4. First thing that happens is you get a warning about changing the control over the placement of the parent image that linked clones use as a their base image”. It then goes on to recommend that you use a high performance datastore for this feature. Good thing we are using SSD’s 🙂
5. Notice the new column called “Use For”. This is where we can make changes to the types of datastores we want to use for different functions.
6. If you setup your SSD datastores correctly you will see if in the list of Datastores on that page. Scroll to that datastore and check the box to the left of it then from the “Use For” list, select “Replica disks”.
7. You should now see some changes in the bottom of that window. It should show LinkedClones and the Replicas on separate volumes. Click OK to get back to the main page.
So, if you remember how linked clones work, essentially it takes the snapshot we created “here” and creates a “Replica” or “Master Image” of it and from there the linked clones are created from it. In this case, the “Replica” is still sitting on the old datastore and we need it to be on the new SSD datastore. The best/easiest way to do this is with a “Recompose” process.
1. From the main View Admin Console click on Pools, select the pool you will be editing and click on Edit
2. Once the Edit screen screen pops up – select Recompose from the “View Composer” dropdown menu. (you can actually do this from the “Desktop” area as well.
3. First screen that pops up gives you the ability to change the parent VM location, since we didn’t make any changes to that just verify that we will be changing the default image for the new desktops (should already be checked) and click next.
4. Again, this is an offline process and in this screen they give you the ability to schedule it. In my home office case, lets just plow through it !!
5. Review the changes and then click “Next” and run over to the vCenter and watch all the action take place.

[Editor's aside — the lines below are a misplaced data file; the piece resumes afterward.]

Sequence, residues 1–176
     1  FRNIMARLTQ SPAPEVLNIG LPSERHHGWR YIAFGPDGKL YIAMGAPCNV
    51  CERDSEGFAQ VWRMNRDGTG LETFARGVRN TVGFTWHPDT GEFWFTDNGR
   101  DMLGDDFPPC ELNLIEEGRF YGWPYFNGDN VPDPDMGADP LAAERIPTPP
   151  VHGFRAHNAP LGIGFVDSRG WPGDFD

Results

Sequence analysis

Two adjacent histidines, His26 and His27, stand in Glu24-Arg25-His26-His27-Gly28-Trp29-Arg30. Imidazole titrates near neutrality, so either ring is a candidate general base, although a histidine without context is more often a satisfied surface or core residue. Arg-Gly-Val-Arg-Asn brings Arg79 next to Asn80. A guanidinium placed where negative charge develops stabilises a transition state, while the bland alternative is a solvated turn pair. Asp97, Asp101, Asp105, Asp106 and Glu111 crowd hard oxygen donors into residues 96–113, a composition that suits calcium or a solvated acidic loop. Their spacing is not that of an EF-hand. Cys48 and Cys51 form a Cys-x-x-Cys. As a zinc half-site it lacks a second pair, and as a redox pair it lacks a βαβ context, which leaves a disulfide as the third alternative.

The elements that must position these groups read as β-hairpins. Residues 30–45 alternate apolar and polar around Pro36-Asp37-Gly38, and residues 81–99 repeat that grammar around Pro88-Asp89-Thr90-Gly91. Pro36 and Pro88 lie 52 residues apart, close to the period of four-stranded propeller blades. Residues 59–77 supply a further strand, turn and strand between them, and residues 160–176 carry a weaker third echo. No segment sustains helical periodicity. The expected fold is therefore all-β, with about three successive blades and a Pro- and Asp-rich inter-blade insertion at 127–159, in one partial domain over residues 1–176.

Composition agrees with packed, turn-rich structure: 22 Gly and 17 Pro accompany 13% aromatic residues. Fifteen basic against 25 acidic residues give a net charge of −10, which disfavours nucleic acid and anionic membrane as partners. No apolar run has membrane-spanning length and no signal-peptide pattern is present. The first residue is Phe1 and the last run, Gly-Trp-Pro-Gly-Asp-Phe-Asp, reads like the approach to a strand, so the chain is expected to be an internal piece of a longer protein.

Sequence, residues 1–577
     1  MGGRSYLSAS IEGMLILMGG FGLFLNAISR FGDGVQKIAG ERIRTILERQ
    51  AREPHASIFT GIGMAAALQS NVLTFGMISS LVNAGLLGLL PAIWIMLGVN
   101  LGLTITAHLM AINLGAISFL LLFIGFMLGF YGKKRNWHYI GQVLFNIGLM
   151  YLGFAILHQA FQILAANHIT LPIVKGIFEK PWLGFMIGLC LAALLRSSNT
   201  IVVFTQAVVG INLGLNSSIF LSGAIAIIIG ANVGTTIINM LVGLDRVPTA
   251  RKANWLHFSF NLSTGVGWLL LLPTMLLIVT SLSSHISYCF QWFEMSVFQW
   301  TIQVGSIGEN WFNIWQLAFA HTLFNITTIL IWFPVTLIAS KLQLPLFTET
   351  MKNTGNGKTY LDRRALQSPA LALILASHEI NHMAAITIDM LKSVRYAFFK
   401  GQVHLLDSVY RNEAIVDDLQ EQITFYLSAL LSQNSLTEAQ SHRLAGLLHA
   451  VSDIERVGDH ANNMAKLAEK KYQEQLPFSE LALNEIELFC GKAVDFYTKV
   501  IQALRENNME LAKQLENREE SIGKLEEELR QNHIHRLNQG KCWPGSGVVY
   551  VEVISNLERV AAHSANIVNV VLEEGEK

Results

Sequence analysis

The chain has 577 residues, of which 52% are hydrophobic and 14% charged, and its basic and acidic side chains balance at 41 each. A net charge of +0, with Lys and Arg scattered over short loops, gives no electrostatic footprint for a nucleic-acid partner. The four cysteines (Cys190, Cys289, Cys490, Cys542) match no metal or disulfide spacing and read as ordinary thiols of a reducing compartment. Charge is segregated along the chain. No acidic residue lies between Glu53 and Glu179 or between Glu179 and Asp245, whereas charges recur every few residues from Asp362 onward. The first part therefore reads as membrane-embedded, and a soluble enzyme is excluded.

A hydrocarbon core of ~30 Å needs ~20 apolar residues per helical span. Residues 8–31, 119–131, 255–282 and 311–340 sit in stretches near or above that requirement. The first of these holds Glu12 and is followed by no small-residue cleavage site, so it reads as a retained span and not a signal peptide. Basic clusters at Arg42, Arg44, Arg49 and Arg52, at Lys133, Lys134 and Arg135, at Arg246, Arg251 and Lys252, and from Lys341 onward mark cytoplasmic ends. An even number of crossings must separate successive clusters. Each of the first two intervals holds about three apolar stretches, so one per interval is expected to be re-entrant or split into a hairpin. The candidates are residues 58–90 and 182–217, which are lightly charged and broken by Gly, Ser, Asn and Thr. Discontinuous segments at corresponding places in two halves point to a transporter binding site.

Essentially what happens is the old replica is deleted and a new one is created. this is a lot like “deploy from template” so it might take a few minutes to work. At the end, the best way to verify that your new replica is on the correct data storage is to go into vCenter and see:
So to summarize, when we originally started off we just took the default of creating the replicas and linked clones on the same datastore. After the fact we decided that we wanted to better match IO profile with different tiers of storage so we created an SSD datastore in our Iomega PX6-300d and added that into vCenter as a new iSCSI datastore. We then went into VMware View Console and edited the Desktop pool under the vCenter settings area and chose to separate out the replicas from the linked clones. We then went through the process of a recompose so that the old replica (sitting on the old datastore) would get destroyed and a new replica would be created on our new SSD datastore.
That’s it for now!! Easy peasy !!
3 thoughts on “Maximizing View 5 Storage Performance in your home lab”
great post. Is RAID 10 recommended as a best practice for View?
Hey Mike – great question – I looked through a couple of best practice guides and I didn’t see where they called out a specific RAID level. I chose RAID 10 to help drive down the number or “IO WRITES” I would need since RAID 10 is a 2 write penalty whereas RAID 5 (4+1) is a 4 write penalty. The problem is you pay a capacity price for RAID 10. Then again, very rarely is capacity a metric I size towards since performance plays such a large part is storage design.
Your mileage will vary